A low volume day should mean the NASDAQ can get back on its feet, according to CNBC. But we’re still waiting.
Tech pundits are still weighing in on Google‘s computerized glasses, Google Glass.
But getting a free version of a new gadget, or being rich enough that you can plunk down $1,500 for one, is very different from actually choosing to buy one as a normal person.
And that, for any new gadget, is where the rubber meets the road.
So what’s the current consensus for future Google Glass sales?
According to a poll we ran over the weekend, the consensus is that there really isn’t a consensus. The assessments, again, are all over the map.
If there is a bias, though, it’s to the negative. More people think Google Glass is going to flop that think it’s going to be a runaway hit.
Specifically, more than a quarter of people expect Google to sell less than a million units of Glass (or equivalent) in three years.
More than half expect Google to sell less than 8 million units a year.
Given the early excitement around the technology, both of those outcomes would be considered a flop.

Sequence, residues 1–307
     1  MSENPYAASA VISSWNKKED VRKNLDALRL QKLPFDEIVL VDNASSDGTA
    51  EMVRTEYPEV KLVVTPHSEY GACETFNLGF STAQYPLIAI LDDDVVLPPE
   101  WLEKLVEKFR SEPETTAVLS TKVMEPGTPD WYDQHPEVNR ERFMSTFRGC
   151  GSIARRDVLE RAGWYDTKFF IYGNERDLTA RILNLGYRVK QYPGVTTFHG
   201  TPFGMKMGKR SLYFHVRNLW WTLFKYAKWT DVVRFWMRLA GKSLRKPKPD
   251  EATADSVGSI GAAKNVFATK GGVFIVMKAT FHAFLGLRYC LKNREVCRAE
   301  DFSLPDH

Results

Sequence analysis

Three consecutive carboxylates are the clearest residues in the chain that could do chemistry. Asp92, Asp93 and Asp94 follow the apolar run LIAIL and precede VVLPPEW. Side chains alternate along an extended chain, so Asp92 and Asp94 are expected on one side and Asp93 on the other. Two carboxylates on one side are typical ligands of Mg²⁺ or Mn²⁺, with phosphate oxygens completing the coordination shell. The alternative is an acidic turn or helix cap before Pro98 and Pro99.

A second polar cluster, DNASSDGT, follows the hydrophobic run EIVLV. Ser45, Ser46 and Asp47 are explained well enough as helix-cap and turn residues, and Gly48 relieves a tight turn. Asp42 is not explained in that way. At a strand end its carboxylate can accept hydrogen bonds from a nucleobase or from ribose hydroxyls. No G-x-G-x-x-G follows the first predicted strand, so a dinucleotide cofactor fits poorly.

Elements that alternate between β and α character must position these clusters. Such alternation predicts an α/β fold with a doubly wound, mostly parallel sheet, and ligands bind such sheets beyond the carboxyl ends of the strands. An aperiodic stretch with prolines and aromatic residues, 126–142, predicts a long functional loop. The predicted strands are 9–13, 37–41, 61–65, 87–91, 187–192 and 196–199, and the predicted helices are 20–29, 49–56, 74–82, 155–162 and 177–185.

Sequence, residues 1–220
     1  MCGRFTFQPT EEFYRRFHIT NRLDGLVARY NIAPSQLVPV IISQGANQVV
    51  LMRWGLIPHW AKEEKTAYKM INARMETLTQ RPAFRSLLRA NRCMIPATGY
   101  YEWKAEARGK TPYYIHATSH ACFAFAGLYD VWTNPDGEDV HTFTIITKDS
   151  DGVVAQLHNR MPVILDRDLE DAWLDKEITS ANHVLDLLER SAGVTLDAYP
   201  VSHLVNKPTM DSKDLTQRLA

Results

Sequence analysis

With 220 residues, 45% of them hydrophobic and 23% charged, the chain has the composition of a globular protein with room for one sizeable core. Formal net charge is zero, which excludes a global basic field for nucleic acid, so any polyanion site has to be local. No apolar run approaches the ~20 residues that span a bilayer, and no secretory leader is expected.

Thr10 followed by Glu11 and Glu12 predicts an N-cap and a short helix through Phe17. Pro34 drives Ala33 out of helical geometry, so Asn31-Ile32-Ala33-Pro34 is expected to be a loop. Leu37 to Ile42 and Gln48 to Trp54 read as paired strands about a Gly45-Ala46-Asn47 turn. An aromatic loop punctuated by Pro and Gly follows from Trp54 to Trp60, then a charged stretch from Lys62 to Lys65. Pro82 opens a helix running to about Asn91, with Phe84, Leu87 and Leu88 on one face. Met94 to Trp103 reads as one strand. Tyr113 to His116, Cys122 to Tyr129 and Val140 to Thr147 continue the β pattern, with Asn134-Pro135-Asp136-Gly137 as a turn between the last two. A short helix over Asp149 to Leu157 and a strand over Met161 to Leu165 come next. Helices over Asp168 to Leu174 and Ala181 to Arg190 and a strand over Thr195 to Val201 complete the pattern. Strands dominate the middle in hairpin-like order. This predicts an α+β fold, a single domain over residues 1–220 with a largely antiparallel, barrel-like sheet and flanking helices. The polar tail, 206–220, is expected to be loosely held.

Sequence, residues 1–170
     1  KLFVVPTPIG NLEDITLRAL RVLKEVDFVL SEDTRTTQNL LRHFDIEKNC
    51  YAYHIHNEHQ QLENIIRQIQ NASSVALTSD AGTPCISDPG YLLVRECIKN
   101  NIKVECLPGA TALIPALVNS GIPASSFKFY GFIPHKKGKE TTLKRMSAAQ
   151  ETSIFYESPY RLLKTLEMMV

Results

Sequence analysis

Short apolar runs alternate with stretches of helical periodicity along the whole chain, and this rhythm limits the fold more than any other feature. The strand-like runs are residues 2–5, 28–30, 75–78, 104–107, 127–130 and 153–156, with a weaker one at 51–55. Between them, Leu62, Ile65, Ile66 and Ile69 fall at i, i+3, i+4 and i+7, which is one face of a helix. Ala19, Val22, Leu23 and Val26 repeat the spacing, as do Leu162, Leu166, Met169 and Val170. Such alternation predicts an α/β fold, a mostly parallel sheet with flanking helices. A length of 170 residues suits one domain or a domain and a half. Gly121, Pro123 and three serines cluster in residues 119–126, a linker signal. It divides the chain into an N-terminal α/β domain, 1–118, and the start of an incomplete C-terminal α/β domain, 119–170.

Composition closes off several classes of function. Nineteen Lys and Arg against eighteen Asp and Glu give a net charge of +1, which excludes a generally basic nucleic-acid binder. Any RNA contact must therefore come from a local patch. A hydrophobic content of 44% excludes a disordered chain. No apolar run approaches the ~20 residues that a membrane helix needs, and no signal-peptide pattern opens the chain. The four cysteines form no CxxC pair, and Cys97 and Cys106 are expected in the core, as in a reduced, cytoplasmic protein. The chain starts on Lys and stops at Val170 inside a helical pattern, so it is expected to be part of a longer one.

Meanwhile, 14% of people think Google will sell more than 80 million units a year in three years.
That sales level would be a massive home run.
Here are the current results of the poll. You can cast your own vote here.
Microsoft‘s own Surface Pro tablet starts at $899, and many other Windows Pro devices are over $1,000.
But that will soon change, Otellini predicts.
He expects to see Intel-based Windows 8 tablets in the $300-$400 range by the fall:
… I think people are attracted to touch, and the touch price points today are still fairly high, and they’re coming down very rapidly over the next couple of quarters. … [as] OEMs start looking at new form factors … the competitiveness of that platform is going to be substantially different, at price points down into the $300 to $400 range enabling touch. We didn’t have that last year.